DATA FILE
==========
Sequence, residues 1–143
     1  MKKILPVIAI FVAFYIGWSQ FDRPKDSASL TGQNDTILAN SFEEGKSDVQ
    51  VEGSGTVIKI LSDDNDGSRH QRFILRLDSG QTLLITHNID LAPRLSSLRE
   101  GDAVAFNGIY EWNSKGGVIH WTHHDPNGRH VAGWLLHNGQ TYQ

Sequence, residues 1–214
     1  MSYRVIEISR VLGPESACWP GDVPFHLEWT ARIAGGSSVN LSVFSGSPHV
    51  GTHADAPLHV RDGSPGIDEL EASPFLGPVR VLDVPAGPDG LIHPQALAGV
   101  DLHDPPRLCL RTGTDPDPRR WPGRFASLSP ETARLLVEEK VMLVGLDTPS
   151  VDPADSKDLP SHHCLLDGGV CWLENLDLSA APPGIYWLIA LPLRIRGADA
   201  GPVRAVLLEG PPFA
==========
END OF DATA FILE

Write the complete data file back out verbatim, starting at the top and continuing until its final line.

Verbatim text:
Sequence, residues 1–143
     1  MKKILPVIAI FVAFYIGWSQ FDRPKDSASL TGQNDTILAN SFEEGKSDVQ
    51  VEGSGTVIKI LSDDNDGSRH QRFILRLDSG QTLLITHNID LAPRLSSLRE
   101  GDAVAFNGIY EWNSKGGVIH WTHHDPNGRH VAGWLLHNGQ TYQ

Sequence, residues 1–214
     1  MSYRVIEISR VLGPESACWP GDVPFHLEWT ARIAGGSSVN LSVFSGSPHV
    51  GTHADAPLHV RDGSPGIDEL EASPFLGPVR VLDVPAGPDG LIHPQALAGV
   101  DLHDPPRLCL RTGTDPDPRR WPGRFASLSP ETARLLVEEK VMLVGLDTPS
   151  VDPADSKDLP SHHCLLDGGV CWLENLDLSA APPGIYWLIA LPLRIRGADA
   201  GPVRAVLLEG PPFA